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WOMHEn: Workforce of Multilingual Health Educators

About the WOMHEn Project.

We’ve employed 50 migrant and refugee women to form a rapid response health workforce. Funded by the Working for Victoria initiative, we’re training these health educators to disseminate COVID-19 information and deliver multilingual health education in over 20 languages to migrant and refugee women.

About the Project 

COVID-19 had a disproportionate impact on migrant and refugee women, and their communities. We know that migrant and refugee women have expertise and insight. That their experiences and understanding of their community must shape the way we educate and respond to health issues and crisis.

It’s this expertise we seek to harness. We’re training health educators to go into the community and listen to refugee and migrant women. We’re using that information to develop resources and education that will make engagement effective, faster, empowering and respectful.

Recruitment and Training

We were overwhelmed by applicants across Victoria for the project.

Recruitment itself highlighted the disproportionate impact COVID-19 has had on migrant and refugee women. As stated above from one health educator, there is enormous need in the community for health education as well as many talented and skilled migrant and refugee women who have been placed under enormous financial strain.

At GEN VIC, there were over 300 high-quality applications for each position. We know definitively that the talent is there, as well as the need.

Led by the Multicultural Centre for Women’s Health we are proud to establish this much-needed multilingual women’s health education infrastructure across the state, both in metro and regional Victoria.

Introducing our Workforce of Multilingual Health Educators

GEN VIC and MCWH, along with 12 women’s health services, have built a workforce of over 40 bilingual health educators to go into multilingual communities to improve access to COVID-19 health information. Through this project we’ve managed to reach over 1800 migrant and refugee women.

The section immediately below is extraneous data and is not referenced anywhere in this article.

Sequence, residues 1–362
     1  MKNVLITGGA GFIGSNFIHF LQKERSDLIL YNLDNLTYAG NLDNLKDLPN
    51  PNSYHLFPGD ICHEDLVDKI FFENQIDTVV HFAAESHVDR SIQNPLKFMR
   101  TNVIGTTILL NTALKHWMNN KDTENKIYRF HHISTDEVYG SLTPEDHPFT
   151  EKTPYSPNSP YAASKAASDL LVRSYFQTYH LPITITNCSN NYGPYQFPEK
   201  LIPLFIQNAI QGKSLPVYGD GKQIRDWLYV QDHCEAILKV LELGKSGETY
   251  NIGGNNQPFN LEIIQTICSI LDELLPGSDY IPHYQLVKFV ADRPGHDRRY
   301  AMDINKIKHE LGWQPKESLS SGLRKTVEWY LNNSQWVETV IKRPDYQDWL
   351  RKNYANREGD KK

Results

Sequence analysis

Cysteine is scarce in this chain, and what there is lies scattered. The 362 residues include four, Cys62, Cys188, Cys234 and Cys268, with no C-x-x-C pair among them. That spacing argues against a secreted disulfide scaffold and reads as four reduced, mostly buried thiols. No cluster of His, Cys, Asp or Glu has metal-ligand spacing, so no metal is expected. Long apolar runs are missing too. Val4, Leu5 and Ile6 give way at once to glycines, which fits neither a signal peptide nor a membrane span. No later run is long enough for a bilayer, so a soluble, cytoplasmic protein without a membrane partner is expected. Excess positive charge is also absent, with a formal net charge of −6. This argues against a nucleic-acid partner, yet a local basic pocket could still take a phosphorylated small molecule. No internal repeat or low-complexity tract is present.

Moving Forward 

Scaling up preventative health education and promotional workforce that specifically responds to the needs of migrant and refugee women will take time.

We’re training our educators to first engage with the community before delivering health education. We want to know what migrant and refugee women feel is missing, and ensure that their concerns are answered.

Vitally though, recording and documenting the stories of migrant and refugee women who have struggled during and after COVID-19 is important knowledge creation.

A compassionate, inclusive and migrant and refugee women-led approach require recognition and understanding. We hope that our final report will provide that to our stakeholder and the community.






We are proud to announce an extension of WOMHEn project – Phase 2. For another six months these key health educators will be able to continue outreach to migrant and refugee communities. During this phase, the project will mainly focus on COVID-19 vaccine take-up in Multilingual communities.

We collaborated with 40 health educators to identify community barriers and confidence in accessing COVID-19 vaccination, COVID-19 boosters and vaccination for children. After attending training, health educators engaged community members through community engagement surveys, IWD celebrations, interview workshops and the collection of stories from migrant and refugee women about their experiences with COVID-19 vaccination and the reasons for associated hesitancy.
So far, 170 C0VID-19 vaccinations have been booked or received by migrant and refugee women involved in this program.

We have reached 1117 Migrant and Refugee women through 75 vaccine health education sessions. They were delivered as peer-to-peer in language model sessions to remove the language barriers.

An image with a purple gradient background explaining the impact of WOMHEn project and it's outreach.

Identifying Barriers

Phase II of WOMHEn project was successful in identifying some of the key barriers to COVID-19 vaccinations in migrant and refugee women and finding effective solutions to combat the problem.

Difficulty in comprehending the COVID-19 vaccine related information, fear of getting vaccinated, problems with easy access to booking the vaccination slots and myths and misinformation related to vaccinations were some of the major barriers in getting vaccinated against COVID-19.

Low receptiveness of migrant and refugee women to COVID-19 vaccination for children - Uncertainty and concerns about the side effects of COVID-19 vaccinations in children prevented the women to get their children vaccinated. They were fearful that the COVID-19 vaccine would be too painful for their children.

The road ahead 

Boosting women's health and well-being should be a top priority in the recovery and resilience from the COVID-19 pandemic. Voices of gender equity should be effectively reflected in COVID-19 policy by investing sufficiently in Women's health and welfare sector.

The peer-to-peer in-language model for delivering health education is effective and should be incorporated into how we provide health services to migrant and refugee women.

We hope our final report will reflect genuine voices and a remarkable step towards change to our stakeholder and to our community.

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